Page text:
Izzy Almeida and Derek Watson are tough to miss in a crowd. Derek’s tightly wound chunks of hair spike out in every direction while Izzy’s hair is the brightest shade of pink on the Pantone chart. It’s especially easy to spot them when they’re together, which they usually are.
The couple represent half of Hunters, a fuzz-punk band currently based in Philadelphia and when they team up, they make a lot of noise. Watson’s crunchy guitar riffs test the limits of his amp and on the mic, Almeida knows how to control a room, using every available inch of stage possible. She can usually be found writhing around on the ground or swinging a microphone above her head.
Hunters are preparing to release their self-titled debut album (from which, we recently premiered a song) and we caught up with the duo on the band's brief stop in New York.
Noisey: So you guys were living in Brooklyn but moved to Philly?
Derek Watson: Yeah, we’d been touring so much that it was a pain to sublet our apartment and we were getting people who we weren’t sure who they were sometimes and then a record would go missing and you’re trying to figure out what was going on. Plus, we had pets and it was hard to have people watch them. I was working in a moving job so basically my friend and I were driving a moving truck around in the city and having to go to Secaucus and come back and forth and the hours were wild. We were working 13 or 14 hour days like, every single day.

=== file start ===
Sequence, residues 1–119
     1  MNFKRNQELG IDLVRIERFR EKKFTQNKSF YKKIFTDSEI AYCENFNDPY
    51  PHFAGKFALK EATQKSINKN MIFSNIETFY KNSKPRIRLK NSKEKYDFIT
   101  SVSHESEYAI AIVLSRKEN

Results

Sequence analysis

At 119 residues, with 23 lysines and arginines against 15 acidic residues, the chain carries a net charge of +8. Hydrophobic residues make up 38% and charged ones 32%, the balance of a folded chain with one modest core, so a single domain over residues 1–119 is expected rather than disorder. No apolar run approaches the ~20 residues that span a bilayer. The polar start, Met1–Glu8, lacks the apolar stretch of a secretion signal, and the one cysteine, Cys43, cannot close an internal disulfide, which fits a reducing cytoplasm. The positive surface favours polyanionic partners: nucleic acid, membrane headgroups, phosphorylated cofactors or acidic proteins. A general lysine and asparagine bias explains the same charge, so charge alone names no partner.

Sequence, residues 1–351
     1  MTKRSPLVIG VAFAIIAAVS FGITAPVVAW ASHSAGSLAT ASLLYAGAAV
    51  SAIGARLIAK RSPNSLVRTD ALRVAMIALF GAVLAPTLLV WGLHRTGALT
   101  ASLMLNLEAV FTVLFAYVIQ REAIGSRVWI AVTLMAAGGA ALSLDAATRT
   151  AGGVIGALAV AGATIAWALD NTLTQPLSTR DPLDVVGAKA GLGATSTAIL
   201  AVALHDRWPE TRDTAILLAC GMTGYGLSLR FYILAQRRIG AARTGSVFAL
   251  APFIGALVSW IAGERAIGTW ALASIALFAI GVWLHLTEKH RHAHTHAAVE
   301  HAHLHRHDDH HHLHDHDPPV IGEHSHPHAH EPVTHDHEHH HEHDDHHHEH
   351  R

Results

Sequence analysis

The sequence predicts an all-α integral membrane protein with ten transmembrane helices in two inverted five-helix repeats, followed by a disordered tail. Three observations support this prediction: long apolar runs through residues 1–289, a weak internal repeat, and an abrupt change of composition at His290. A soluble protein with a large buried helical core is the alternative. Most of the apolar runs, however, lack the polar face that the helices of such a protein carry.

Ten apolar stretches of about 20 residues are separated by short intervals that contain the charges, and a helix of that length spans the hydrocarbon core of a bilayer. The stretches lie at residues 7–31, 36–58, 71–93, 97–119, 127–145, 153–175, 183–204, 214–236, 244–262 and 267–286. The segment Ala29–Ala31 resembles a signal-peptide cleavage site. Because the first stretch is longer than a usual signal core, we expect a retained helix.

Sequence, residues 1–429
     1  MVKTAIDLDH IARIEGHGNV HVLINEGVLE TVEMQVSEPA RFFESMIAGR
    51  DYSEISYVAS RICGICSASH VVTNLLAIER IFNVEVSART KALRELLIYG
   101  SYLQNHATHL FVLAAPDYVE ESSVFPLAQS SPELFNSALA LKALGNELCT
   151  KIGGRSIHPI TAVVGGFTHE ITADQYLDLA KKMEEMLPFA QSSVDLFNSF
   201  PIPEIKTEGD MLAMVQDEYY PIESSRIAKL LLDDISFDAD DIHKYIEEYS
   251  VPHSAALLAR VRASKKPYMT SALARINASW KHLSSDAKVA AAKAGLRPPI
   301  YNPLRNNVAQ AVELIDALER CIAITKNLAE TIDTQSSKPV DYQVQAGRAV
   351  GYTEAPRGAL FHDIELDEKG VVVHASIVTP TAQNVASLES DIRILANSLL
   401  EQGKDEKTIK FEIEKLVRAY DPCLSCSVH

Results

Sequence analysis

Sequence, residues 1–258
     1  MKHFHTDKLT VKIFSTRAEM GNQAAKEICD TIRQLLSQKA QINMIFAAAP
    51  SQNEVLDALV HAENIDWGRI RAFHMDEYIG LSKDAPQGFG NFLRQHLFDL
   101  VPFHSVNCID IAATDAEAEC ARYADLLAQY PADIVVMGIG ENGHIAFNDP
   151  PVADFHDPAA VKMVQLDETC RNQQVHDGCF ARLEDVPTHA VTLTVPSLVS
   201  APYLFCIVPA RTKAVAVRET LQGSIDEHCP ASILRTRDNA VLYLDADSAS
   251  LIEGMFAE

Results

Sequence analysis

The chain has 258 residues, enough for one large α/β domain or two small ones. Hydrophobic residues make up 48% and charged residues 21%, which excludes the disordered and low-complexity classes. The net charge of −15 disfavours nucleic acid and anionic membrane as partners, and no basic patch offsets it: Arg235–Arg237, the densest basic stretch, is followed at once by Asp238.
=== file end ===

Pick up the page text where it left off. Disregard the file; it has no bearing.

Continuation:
How has living in Philly affected your daily lives as musicians?
Izzy Almeida: In New York, it’s a hustle to be a musician. You have to find time just to live and do your thing. In Philly, the biggest difference is that our rent is so much cheaper so we don’t have to work as much. So we have way more time to work on music or jam or write songs. And when we tour, we don’t have to worry about people subletting. Way less stressful.
What is the biggest difference as far as the music scenes in Philly and in New York go?
D: For me, there are more house shows in Philly and I feel like there’s a lot more of a feeling of camaraderie where people are actually stoked for you. People are more involved. There are more zines and kids are doing DIY stuff in Philly which kind of makes sense because there’s more free time to do stuff.
There’s a lot of stuff going on in New York, which is great. But at the same time, there’s so much happening that things get lost in the mix.
I: I read Patti Smith saying something about how she loves New York for her own reasons but if she was an artist now, she would move. It’s hard. I love New York, I have tons of friends here, we come visit all the time, but for us right now, it makes way more sense to be in Philly. After we moved, we got way less stressed out. And we have each other too which makes it easier.